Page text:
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I have used different machine learning algorithms to predict solar panels' power output. There are ten independent features for weather data. In all models, I set time as an index and have used the following rule for splitting the data :

X_train, X_test, y_train, y_test = train_test_split(x, y, test_size=0.18, random_state=42)

With the mentioned splitting rule, all models perform well on the testing set, but I get the worst accuracy when not using a random rule for the testing set.

Does it make sense to use a random rule for splitting the dataset into training and testing sets? Or do I have to use only the latest data (20%) for the test split?

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    $\begingroup$ Random shuffling the dataset is advisable instead of simply taking the latest test data (or any particular segment of data every time) since the input data might not be given to you uniformly distributed form. $\endgroup$ Jan 27, 2022 at 20:38

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In most contexts, random shuffling is absolutely required. If you do not randomly split the dataset, you might get misleading results. For instance, imagine that we have a dataset of patients, and we train a classifier on the first 60% and test it on the last 40% of patients. Well, if the patients happen to be ordered in the dataset in a particular order -- say, youngest to oldest -- then you might end up with a classifier that works well on young folks and poorly on old folks, and thus that achieves very poor accuracy on the test set (which is all old folks) even though it is better than that in practice.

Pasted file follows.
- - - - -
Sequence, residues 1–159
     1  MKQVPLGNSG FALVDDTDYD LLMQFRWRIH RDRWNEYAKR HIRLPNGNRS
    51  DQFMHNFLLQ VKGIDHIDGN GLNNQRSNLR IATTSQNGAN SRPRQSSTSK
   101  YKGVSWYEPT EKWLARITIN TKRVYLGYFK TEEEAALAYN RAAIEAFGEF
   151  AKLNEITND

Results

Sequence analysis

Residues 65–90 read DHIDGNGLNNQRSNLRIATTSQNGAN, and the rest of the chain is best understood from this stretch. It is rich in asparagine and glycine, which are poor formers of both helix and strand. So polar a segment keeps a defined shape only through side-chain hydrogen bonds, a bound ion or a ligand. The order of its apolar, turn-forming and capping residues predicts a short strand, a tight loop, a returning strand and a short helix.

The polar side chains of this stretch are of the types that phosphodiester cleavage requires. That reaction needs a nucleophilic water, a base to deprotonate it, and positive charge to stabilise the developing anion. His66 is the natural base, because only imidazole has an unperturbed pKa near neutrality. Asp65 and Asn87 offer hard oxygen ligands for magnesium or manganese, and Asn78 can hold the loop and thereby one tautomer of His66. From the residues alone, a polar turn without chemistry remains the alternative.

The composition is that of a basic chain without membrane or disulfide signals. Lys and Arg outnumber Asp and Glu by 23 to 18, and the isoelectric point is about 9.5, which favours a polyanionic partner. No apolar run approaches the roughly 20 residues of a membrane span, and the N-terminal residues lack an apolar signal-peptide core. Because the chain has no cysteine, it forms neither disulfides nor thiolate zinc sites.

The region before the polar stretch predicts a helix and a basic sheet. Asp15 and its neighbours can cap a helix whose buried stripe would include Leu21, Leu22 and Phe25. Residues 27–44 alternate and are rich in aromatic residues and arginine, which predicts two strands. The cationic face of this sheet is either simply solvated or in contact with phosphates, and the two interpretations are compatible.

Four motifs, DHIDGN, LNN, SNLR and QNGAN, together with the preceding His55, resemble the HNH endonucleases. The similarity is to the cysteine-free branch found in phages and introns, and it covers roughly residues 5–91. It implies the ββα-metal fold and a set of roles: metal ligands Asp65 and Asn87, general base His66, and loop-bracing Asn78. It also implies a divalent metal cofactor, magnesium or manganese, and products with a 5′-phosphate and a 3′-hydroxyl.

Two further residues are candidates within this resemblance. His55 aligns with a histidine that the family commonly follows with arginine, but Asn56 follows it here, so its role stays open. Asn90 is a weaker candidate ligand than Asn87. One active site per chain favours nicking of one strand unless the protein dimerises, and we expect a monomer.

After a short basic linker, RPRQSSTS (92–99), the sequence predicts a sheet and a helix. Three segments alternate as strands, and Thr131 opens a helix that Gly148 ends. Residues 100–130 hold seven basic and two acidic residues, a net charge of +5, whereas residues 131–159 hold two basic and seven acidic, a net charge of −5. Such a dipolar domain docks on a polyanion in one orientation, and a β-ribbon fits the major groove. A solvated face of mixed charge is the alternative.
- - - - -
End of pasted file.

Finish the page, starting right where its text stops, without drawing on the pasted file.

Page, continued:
In your situation, the obvious approach is to randomly shuffle. This assumes that there is no change over time in the underlying data distribution, and is appropriate if so. If that assumption is not correct (e.g., partway through the dataset you replaced the solar panels with new ones), then you'll need to do something more complex.

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  • $\begingroup$ Thanks for your comment. Do you think we can randomly choose 20% of the dataset for the testing set and then for cross-validation use a KFold technique with shuffling the data to check whether the results are acceptable or not? $\endgroup$ Jan 28, 2022 at 9:21
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    $\begingroup$ @graphicart86, yes $\endgroup$
    – D.W.
    Jan 28, 2022 at 20:56

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